China is Choking on its Own Debt. We have it on good authority. And in this case that authority is an unlikely source – the People’s Bank of China (PBoC). It’s difficult to remember the last time so many paid so little attention to something so vitally important. The revelation came in the bank’s release of its 1Q 2015 Monetary Policy Report on 8 May 2015.
The catch? The report is available only in a Chinese language version. In the report, the PBoC acknowledges:
- China has too much debt
- The government has relied too heavily on investment for growth
- Credit expansion is no longer possible
- The economy is inevitably decelerating as a result
These conclusions are not new for most of us, but the government’s admission of the problem is very new and very important. The English version of the quarterly monetary reports is usually published with a two months’ lag. So we are unlikely to see the English translation of this first quarter report until early July 2015.
Why is this important?
The PBoC has explicitly acknowledged that leverage in China is excessive and the level of debt is an impediment to further growth. We have been relating this story for months (maybe years), but now the government has openly acknowledged it’s in a bind. Here’s the relevant excerpt in the translation provided in the Bloomberg story.
"…Economic growth is, to a large extent, still relying on government-led investment, and the room for further expansion is quite limited. In addition, the rising debt size is forcing China to use a lot of resources in repaying and rolling over debt, which leads to contraction effects for the macro economy."
Given the exceptional nature of the disclosure, we were determined to corroborate its validity. With Google translate in hand, we scanned the PBoC website and found our way to page 54 of the monetary report in Mandarin.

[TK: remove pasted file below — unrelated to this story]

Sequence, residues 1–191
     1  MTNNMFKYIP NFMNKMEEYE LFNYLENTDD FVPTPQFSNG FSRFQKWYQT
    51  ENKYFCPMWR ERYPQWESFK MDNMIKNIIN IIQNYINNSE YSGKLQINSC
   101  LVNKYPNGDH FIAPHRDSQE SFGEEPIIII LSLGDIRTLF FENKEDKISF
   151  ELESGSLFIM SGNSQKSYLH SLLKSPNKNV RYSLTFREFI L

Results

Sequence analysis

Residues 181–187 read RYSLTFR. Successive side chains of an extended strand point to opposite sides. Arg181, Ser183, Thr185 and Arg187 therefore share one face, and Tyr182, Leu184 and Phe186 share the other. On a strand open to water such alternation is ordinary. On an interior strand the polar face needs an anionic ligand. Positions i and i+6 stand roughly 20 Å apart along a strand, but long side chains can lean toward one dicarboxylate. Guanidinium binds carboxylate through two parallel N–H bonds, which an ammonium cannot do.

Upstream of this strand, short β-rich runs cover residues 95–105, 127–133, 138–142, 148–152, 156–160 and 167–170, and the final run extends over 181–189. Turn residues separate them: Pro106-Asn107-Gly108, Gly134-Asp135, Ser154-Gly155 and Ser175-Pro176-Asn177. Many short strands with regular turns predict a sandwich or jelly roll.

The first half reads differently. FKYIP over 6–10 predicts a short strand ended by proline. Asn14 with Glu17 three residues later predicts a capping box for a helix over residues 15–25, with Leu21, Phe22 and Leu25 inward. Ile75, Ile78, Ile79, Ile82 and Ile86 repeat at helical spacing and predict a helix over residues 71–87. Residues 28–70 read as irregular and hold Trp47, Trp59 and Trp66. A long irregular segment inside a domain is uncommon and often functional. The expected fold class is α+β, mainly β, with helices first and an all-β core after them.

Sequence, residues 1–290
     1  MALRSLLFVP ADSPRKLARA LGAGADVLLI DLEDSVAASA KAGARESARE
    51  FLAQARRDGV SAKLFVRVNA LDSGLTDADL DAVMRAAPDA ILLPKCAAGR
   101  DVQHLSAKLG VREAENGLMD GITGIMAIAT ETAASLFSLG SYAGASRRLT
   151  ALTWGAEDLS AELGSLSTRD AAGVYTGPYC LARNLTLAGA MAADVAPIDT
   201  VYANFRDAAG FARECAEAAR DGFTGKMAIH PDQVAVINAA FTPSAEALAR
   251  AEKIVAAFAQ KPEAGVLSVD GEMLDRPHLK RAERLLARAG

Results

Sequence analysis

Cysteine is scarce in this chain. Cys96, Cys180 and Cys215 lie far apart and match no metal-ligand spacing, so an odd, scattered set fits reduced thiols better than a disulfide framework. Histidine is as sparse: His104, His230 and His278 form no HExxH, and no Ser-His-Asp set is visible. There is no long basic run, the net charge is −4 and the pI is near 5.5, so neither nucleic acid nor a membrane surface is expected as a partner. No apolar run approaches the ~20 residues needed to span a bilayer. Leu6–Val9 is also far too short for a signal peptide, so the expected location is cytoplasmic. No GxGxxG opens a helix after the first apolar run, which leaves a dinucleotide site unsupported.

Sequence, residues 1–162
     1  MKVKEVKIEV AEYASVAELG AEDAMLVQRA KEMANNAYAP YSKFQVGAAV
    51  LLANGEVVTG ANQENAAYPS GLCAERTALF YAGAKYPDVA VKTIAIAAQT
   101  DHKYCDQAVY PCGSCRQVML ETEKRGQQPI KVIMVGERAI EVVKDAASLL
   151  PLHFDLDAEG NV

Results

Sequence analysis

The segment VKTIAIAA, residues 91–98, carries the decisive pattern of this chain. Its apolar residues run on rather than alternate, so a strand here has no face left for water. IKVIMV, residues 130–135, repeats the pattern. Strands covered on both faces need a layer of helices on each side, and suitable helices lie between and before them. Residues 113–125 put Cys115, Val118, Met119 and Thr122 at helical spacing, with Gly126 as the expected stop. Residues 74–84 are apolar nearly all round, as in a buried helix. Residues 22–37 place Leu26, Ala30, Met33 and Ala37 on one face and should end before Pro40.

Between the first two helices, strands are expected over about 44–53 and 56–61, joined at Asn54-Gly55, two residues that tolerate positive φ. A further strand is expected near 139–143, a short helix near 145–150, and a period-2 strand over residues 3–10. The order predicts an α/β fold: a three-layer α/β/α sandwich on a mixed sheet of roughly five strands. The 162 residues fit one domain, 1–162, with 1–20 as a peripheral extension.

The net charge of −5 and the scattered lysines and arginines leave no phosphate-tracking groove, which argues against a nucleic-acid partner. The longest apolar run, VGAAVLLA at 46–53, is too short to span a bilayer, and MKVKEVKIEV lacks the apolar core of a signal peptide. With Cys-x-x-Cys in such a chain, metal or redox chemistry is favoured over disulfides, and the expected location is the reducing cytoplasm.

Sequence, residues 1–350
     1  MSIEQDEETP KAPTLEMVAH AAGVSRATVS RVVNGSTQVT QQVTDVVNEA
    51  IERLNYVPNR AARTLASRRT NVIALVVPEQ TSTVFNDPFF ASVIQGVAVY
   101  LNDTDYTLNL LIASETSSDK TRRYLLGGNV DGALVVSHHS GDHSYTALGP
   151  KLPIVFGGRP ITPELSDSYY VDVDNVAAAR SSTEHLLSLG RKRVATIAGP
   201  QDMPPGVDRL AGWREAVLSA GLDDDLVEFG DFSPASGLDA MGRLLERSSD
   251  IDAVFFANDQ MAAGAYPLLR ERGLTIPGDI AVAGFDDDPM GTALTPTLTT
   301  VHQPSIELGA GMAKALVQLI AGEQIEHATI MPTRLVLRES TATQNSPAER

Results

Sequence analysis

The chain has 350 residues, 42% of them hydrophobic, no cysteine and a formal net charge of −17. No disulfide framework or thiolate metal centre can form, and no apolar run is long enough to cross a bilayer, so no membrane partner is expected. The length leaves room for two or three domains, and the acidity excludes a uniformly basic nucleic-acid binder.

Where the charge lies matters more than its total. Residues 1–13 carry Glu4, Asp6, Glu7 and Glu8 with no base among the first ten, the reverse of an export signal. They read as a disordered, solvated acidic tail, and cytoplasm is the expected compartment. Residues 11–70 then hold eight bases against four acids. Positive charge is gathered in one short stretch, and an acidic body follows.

“Mostly Mandarin” website policy leaves foreigners out of the loop
The PBoC web site in English is far from exemplary in its disclosure. In fact, I find the differences between the PBoC’s English language and Chinese language sites utterly surprising from a country that aspires to an equal footing in the international community. If China aspires to have a reserve currency, shouldn’t transparency in monetary policy be a top priority for the PBoC?
I spent some time comparing the two sites and quickly made the following observations: the news scroll on the Chinese site posted 32 stories during April 2015, while the English site posted only 12. If you’re looking for detailed statistics, the English website will only bring you up into the current decade with 2010 information. On the other hand, the Chinese website appears to be full-fledged and current. Chinese economic data are available elsewhere, but in many cases entirely behind pay walls (Bloomberg, Haver and the CEIC data base.)
We ask ourselves the obvious question…is a currency with such a chasm in information disparities ready for an open current account? I think not.
Joseph Taylor is a vice president of Loomis, Sayles & Company and senior sovereign analyst for the Loomis Sayles fixed income group.